This is not the tomb of Dante Alighieri, but what is a cenotaph (an empty tomb) - lots of drama on the story with his beloved Florence who exiled him and if he returned could be burned at the stake.   It took the council of Florence to finally pass a motion to rescind his sentence in 2008.  I guess better late than never.  Now they are trying to move his remains from Ravenna - who knows - maybe in another  600 years....  In any case, just walking through Florence there are many reminders that the poet Dante was loved by the city.

A sweet treat on a side street away from the hordes

Easter Happy Hour at the "Volume" - a cool bar in Piazza Santo Spirito.   

The Pasqua starter for us was the Crostini di Fegato alla toscana (chicken liver pate on toast).  Followed by first course - Gnocchi for the vegetarian, Ragu Gnocchi for me and  Rich had a Salmon pasta.  Traditional 2nd course would normally be a lamb in the oven, but shock -  the pasta filled us, so we passed on the lamb (Renata was happy about that).

Another perfect day in Florence!

Sunday, April 13, 2014

Florence, a "ROOM WITH A VIEW"

A view of Florence from our living room.  
Enlarge and you can see the Duomo!
One of the special aspects of Europe is their desire to keep its beauty intact. They don't tear down and build new, they restore and renovate. H&M store?  Fine,  but keep the exteriors the same. Real beauty never gets old, classic style and architecture can exist forever.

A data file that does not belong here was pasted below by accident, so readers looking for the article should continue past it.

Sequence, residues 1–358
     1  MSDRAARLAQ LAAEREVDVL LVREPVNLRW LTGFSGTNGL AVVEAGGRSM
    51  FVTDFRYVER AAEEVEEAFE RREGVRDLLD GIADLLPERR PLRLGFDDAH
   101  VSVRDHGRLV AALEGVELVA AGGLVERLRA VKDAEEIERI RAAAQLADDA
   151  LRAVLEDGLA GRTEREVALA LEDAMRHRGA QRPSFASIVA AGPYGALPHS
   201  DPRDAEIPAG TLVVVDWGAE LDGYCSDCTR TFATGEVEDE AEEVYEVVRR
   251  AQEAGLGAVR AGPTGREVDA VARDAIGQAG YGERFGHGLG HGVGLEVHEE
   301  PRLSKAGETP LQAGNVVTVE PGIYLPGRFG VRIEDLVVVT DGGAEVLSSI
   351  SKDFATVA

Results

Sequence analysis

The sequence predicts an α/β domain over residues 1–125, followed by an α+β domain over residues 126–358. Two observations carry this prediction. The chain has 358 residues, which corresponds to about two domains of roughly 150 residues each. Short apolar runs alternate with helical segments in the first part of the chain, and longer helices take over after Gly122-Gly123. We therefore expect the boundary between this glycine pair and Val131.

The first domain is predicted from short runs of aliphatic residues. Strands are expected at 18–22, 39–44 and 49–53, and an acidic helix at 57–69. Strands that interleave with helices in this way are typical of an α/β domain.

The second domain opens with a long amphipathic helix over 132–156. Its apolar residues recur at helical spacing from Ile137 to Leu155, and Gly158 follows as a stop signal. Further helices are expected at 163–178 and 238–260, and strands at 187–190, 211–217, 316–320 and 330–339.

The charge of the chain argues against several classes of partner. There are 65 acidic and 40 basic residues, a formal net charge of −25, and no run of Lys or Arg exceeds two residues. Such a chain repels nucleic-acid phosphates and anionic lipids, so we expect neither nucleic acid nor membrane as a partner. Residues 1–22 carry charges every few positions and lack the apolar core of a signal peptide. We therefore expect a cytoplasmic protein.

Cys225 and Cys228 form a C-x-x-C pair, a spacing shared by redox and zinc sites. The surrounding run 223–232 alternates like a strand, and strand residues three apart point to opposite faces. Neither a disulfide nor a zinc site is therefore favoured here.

Florence has kept so much of its character you see it in the buildings, the Arno river and it's bridges, Pitti Palace and Boboli gardens, the Uffizzi Gallery, Palace Vecchio and so many churches and landmarks that you can imagine (just block out the thousands of school tours) what if felt like to be young Michelangelo playing futbol in San Marcos Piazza...ok that's a stretch...but it is very cool.  Grazie Lorenzo Medici and the good people of Florence for keeping the timeless view of a beautiful city.

We have been in Florence for a week now -  it's true, "...when one visits Florence - you should have a room with a view"  (From the 1985 Academy Award movie A Room with a View).  
This post is just to let you know we arrived to this beautiful city and the views from every corner are spectacular:

The view entering Florence from Porto Romana.